Former Fox Chapel mayor remembered as team builder
If at first glance you didn't recognize former Fox Chapel Mayor Harry McLaughlin by his signature flannel pajama pants, then his quick joke or story would get you.
“Harry O,” friends recalled, was as well known for his affability as his decades-long work to improve life in the Lower Valley. He died last week, at the age of 88, after a brief illness.
Known as a team-builder who believed in the power of people, McLaughlin was deeply rooted in paving a better way of life for the entire area, not just Fox Chapel.
“He had an enthusiasm for promoting the area as a great place to live,” said Vern Koch, longtime friend and former Fox Chapel Area school board director. “He spent most every day involved in community activities.
“I learned a lot from him — he wasn't so big on phone and email, he was big on personal contact. He would say, ‘Let's just go knock on the door.”
Appointed borough mayor in 1985, McLaughlin directed his efforts at projects that spread across all six communities of the school district. He co-founded All of Us Care, an afterschool program in Sharpsburg that aimed to keep children busy, healthy and off the streets.
Over the last decade or so, McLaughlin turned his attention to the need for a new library and community center to serve residents.
As president of the Community Center and Library Association, he campaigned to help raise $6 million for the new library that opened in 2011. To him, a new library would help rebuild and strengthen the Lower Valley.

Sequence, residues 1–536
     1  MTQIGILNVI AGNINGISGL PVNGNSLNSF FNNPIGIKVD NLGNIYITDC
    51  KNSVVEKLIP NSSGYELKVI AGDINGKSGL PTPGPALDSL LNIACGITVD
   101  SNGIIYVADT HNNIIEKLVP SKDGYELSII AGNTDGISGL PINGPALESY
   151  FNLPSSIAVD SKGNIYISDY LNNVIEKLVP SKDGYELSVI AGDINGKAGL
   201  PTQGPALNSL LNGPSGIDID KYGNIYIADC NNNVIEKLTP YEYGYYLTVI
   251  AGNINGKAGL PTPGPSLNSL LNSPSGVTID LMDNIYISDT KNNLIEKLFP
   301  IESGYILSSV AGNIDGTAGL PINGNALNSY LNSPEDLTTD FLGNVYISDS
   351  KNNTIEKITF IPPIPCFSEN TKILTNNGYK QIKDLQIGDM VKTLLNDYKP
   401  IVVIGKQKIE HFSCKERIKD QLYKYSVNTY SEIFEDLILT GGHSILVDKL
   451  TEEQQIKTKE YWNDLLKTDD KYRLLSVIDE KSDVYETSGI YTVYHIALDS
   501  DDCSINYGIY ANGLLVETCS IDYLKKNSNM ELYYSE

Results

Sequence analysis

“There is no doubt that Mayor Harry led the charge,” said Stephanie Flom, CCLA executive director. “He had an uncanny ability to bring people together to work for a common cause.”
Flom said his personality helped but people responded to McLaughlin's concern for the community.
“He was never about Harry. He inspired us to work together to achieve something greater than any of us,” she said.
As acknowledgement, the library staff in December surprised McLaughlin by naming a conference room in his honor — “My little Irish heart was really going,” the mayor said at the time.
That modest marker truly thrilled McLaughlin, Koch said, adding “I'm delighted that we did it while he was able to enjoy it.”
Even after his retirement in 2012, McLaughlin remained as head of the CCLA to lobby for a new $7 million community center, which is expected to break ground next spring.
His mayoral successor Alex Scott said it didn't surprise him that McLaughlin kept working after retirement.
“He was dedicated to the community, not just Fox Chapel,” said Scott, who enjoyed a 20-year friendship with McLaughlin. “He spent so many years making sure that the library was going to be built. His work wasn't done.”
Calling McLaughlin the greatest joke-teller of all time, Scott said his attitude was infectious — The new mayor even turned out to his first council meeting wearing plaid pajama bottoms so people would recognize his new position.
Friends said McLaughlin, who had a passion for golf, often turned a day on the links into a bigger mission. Having been a member of the Pittsburgh Field Club since 1951, he helped organize fundraising events each year for The Leukemia and Lymphoma Society. In 1995, he founded The McLaughlin Cup, with proceeds going to local groups such as All of Us Care and the ALS Society.